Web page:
BP Podcast

What It Means to be “A City Upon a Hill”

What many think Winthrop meant by “a city upon a hill” is, well, wrong.


John Stonestreet

The year was 1630. The location was the ship Arbella, which, like the Mayflower ten years earlier, was headed to what’s now Massachusetts. Like the Pilgrims before them, the Arbella’s passengers were devout Christians who came to the New World seeking to practice their faith as they believed God commanded.

Just prior to the Arbella’s voyage, the group’s leader, John Winthrop, delivered one of the great speeches in America’s history: a sermon entitled “A Model of Christian Charity.” The sermon is best-known for Winthrop’s use of the biblical phrase “a city upon a hill.” For nearly four centuries, that one phrase has shaped our American sense of purpose and our sense of what is often called “American exceptionalism.”

Yet, what many think Winthrop meant by “a city upon a hill” is, well, wrong.

In the sermon, Winthrop warned his fellow Puritans what was at stake in their attempt to create “a new godly community.” “For we must consider,” he said, “that we shall be as a city upon a hill. The eyes of all people are upon us. So that if we shall deal falsely with our God in this work we have undertaken, and so cause Him to withdraw His present help from us, we shall be made a story and a by-word through the world.” As historian Andrew Delbanco put it, Winthrop used the phrase not out of a desire for this new experiment to bring fame and emulation, but out of “a fear of notoriety.” Winthrop’s concerns about not failing God have been lost over time. His message, which was intended for a group of devout Christians, has been “‘plucked out of Winthrop’s context’ by politicians and pundits . . . and re-imagined as something quite different—as a founding document for the nation itself.”

For example, President Reagan used the expression at least thirty times while in office, often adding the word “shining.” Then-Senator Barrack Obama used the expression to describe the world watching what he called “this improbable idea called America” to see if it would succeed. There are many other examples. What these all have in common is the substitution of the nation for the Church. Winthrop’s sermon was directed at a group of Christians who saw themselves as part of God’s Elect, and their mission as an act of stewardship.This stewardship included, as Winthrop put it, that “every man might have need of others, and from hence they might be all knit more nearly together in the bonds of brotherly affection.”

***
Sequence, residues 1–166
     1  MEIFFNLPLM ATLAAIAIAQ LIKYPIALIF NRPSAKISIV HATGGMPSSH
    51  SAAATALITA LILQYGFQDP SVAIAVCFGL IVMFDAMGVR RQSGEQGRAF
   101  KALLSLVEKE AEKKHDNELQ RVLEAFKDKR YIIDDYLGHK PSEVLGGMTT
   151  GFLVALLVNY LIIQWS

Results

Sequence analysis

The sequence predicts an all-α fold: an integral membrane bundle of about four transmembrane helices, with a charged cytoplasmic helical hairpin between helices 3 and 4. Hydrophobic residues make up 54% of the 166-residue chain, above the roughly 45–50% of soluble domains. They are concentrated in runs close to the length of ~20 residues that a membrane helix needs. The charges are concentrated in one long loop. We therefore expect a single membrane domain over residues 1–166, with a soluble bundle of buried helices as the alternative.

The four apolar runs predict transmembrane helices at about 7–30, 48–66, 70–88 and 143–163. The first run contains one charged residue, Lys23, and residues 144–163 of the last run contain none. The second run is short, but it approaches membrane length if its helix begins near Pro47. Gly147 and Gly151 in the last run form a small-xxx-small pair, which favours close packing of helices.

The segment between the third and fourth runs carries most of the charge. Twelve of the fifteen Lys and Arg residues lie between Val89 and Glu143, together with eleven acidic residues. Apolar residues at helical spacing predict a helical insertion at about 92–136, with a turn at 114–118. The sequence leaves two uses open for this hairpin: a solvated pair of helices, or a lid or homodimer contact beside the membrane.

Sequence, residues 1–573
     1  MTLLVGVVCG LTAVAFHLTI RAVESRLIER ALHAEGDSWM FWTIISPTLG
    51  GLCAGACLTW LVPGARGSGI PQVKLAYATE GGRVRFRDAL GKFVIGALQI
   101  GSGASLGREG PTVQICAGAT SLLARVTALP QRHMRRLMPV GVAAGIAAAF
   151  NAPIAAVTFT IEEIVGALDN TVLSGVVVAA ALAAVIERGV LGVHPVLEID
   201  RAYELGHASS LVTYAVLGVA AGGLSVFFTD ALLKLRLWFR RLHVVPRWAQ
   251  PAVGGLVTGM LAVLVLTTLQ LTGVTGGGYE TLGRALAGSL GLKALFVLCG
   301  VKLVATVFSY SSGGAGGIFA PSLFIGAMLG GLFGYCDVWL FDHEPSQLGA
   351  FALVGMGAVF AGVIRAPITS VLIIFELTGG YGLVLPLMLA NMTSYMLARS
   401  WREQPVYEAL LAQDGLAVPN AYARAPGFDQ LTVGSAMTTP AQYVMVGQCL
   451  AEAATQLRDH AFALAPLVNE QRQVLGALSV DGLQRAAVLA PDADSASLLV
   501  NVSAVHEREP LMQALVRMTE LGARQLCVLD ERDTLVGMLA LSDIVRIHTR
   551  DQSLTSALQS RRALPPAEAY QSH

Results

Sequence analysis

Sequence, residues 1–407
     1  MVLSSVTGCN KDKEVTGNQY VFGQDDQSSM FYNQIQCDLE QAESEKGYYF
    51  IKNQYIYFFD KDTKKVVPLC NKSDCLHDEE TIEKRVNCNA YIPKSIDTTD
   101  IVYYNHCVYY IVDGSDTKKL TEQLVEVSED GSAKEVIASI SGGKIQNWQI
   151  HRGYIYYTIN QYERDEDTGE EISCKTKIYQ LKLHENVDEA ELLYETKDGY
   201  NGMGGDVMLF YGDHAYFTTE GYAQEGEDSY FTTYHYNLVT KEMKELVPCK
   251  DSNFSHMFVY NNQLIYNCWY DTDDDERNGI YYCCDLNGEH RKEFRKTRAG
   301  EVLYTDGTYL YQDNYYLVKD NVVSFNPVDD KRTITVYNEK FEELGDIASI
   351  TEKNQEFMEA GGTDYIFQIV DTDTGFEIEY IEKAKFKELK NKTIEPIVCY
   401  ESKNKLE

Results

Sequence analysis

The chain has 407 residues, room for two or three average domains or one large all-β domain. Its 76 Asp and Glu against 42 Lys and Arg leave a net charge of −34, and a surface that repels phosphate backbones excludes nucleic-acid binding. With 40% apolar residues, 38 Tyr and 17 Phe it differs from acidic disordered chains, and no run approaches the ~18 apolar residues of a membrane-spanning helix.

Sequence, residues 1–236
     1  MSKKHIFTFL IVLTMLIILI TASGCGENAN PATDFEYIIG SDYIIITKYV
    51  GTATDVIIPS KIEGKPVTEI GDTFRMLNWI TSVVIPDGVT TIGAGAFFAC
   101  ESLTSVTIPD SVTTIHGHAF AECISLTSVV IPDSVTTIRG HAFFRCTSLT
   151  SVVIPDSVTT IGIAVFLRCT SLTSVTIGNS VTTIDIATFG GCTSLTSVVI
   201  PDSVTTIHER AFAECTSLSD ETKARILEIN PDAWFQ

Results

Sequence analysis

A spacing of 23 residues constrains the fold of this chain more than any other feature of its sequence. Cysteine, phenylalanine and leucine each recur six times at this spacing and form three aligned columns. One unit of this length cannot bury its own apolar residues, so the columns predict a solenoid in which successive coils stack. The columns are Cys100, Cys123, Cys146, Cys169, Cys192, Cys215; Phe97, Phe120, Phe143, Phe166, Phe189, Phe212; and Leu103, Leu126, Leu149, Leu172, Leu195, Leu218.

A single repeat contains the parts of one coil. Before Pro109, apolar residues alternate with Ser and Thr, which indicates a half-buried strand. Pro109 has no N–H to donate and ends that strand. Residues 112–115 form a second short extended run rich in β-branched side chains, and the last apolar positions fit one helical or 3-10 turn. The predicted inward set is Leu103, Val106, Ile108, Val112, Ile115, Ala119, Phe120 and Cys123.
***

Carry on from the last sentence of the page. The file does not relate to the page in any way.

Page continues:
The exceptionalism Winthrop had in mind was “to follow the counsel of Micah, ‘to do justly, to love mercy, to walk humbly with our God.’” This meant not “[embracing] this present world and [prosecuting] our carnal intentions, [or] seeking great things for ourselves and our posterity.” Instead, Winthrop urged, “we must be knit together in this work as one man . . . we must delight in each other, make others’ conditions our own, rejoice together, mourn together, labor and suffer together.” Do this and others would see it. Fail to do it, and others would see it, too. Even more, if they failed, God would allow their name, as Moses told the Israelites, to become “a horror, a proverb, and a byword among all the peoples.”

Obviously, this is not the way “city upon a hill” or “American exceptionalism” is often understood today. Plucked out of their theological and historical context, Winthrop’s words are used for either premature self-celebrations of national greatness or misunderstood means to unfairly criticize the history of our nation. In context, it is an admonition to embrace responsibilities.

Here’s Winthrop’s remarkable sermon—share it or even read it aloud with your family. As we gather to give thanks today to God for all His blessings, let all of us who are God’s people re-commit ourselves to let our light shine before others, so that they may see our good works and give glory to our Father who is in heaven.

From all of us at the Colson Center, Happy Thanksgiving.


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